Articles Tagged with Los Angeles marijuana attorney

A lack of diversity in medical marijuana licensing has raised concerns in Maryland, specifically by a number of black state lawmakers – most recently including Gov. Larry Hogan (R) and Attorney General Brian E. Frosh (D).marijuana1

Simultaneously, the Washington Post reports that there have been calls by the head of the legislative black caucus to prohibit elected officials from participating in the industry. Officials who backed the measure are questioning a fellow politician who also supported the legislation – and then later was welcomed aboard a company seeking a license to cultivate and distribute the drug. Del. Cheryl Glenn says the failure of Del. Dan Morhaim to make his dual roles clear. Both Glenn and Morhaim are Democrats from Baltimore.

These issues combined have proven impediments in a legalization process that has been marked with numerous missteps and delays since Maryland voters approved medical marijuana three years ago. Now, the state is clearing 15 companies for cultivation of the drug and another 15 companies for marijuana processing. None of those 30 companies are owned or operated by an African American – despite the fact that one-third of the population in Maryland is black.  Continue reading

Intellectual property protections – like trademarks or innovations on creative marketing – is one of the many federal benefits afforded to legitimate businesses. Unfortunately, L.A. marijuana dispensaries have long been shut out from these sort of protections precisely because they haven’t been treated as if their operation is in fact legitimate. worldwidebrand

Thankfully, that is starting to change as states pass reforms that bolster the position of marijuana dispensaries – medicinal and recreational – in our communities.

The effect that is having on the marijuana industry is being explored in the Winter 2016 issue of the Washington and Lee Law Review. The study, “Trademark Laundering, Useless Patents and Other IP Challenges for the Marijuana Industry,” delves into some of the intellectual property challenges the marijuana industry faces and how the industry is tackling those issues today. Because cannabis remains a Schedule I narcotic under federal law, despite progressive state-level reforms, those who grow and sell the drug or its derivatives have found themselves unable to secure banking services, saddled with onerous tax burdens, unable to count on the enforcement of contracts they sign and trouble finding good marijuana lawyers who are willing to take on the complex and ever-changing regulatory landscape. In all of this, intellectual property protection has been largely put on the back burner. Continue reading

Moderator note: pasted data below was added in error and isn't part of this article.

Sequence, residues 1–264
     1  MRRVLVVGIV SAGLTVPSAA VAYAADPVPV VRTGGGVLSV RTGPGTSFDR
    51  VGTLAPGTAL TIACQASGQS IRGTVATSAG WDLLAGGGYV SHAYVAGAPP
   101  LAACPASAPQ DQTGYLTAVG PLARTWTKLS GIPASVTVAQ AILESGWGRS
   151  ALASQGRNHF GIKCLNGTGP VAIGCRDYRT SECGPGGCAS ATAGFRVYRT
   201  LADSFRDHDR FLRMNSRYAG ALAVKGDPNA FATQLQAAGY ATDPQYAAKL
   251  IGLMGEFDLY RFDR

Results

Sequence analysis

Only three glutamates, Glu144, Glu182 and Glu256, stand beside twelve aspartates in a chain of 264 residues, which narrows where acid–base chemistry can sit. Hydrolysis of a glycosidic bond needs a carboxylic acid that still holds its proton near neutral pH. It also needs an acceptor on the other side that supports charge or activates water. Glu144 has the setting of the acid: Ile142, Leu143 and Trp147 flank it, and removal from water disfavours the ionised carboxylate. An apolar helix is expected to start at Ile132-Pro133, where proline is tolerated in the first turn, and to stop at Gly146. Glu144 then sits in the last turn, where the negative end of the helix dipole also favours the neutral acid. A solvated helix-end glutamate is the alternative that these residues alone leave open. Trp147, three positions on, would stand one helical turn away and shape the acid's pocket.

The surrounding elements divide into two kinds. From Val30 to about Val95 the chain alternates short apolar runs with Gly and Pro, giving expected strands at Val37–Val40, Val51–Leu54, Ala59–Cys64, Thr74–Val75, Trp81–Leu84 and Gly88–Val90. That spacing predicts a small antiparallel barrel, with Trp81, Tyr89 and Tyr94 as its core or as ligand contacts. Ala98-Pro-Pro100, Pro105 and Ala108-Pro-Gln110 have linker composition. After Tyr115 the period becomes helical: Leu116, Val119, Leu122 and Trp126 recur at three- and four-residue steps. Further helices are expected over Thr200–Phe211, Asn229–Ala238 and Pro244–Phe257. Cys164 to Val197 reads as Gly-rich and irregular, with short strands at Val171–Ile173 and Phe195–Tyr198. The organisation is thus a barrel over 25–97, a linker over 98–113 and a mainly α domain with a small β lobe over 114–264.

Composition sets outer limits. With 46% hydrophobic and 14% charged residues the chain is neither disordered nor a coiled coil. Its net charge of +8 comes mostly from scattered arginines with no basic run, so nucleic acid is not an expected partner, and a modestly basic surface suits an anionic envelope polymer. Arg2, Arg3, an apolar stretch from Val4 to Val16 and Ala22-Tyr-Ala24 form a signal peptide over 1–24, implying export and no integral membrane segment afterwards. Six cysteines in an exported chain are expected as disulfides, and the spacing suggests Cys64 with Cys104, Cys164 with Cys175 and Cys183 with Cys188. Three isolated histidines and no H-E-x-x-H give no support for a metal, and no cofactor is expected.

Last month, the U.S. Food and Drug Administration (FDA) quietly approved a drug called Syndros, which is a synthetic form of THC, the active ingredient in marijuana. Its use is limited to patients who are suffering from AIDS and cancer.laboratory

Syndros is the liquid version of a drug called Marinol, which was approved back in 1985 as a synthetic cannabinoid. However, Marinol only comes in pill form. Syndros is the liquid form. Marinol was approved in the mid-80s to treat the same conditions as Syndros.

Interestingly, the approval of this liquid synthetic came around the same time the U.S. Drug Enforcement Administration (DEA) refused to reclassify marijuana as anything but a Schedule I narcotic, despite petitions from lawmakers to knock it down to a Schedule II. In the agency’s refusal to take this action, officials cited lack of proof that marijuana serves any legitimate medical purpose. Yet we are making synthetic versions of it for uses that are clearly legitimate and medical? Continue reading

Speaking to a group of cannabis industry advocates and members, California Lt. Gov. Gavin Newsome implored them to participate in the campaign to pass the legalization of recreational marijuana, slated for the November ballot. He warned a failure on this front would not only set California back on the marijuana issue, it would set the nation back. voterinformation

Newsome said a change in the law is essential because of the utter failure of the so-called War on Drugs.

At a conference in Oakland, sponsored by the National Cannabis Industry Assn., approximately 2,000 entrepreneurs and industry activists nodded as Newsome described the existing drug policies in California and the U.S. as essentially a war on the poor and on minorities.  Continue reading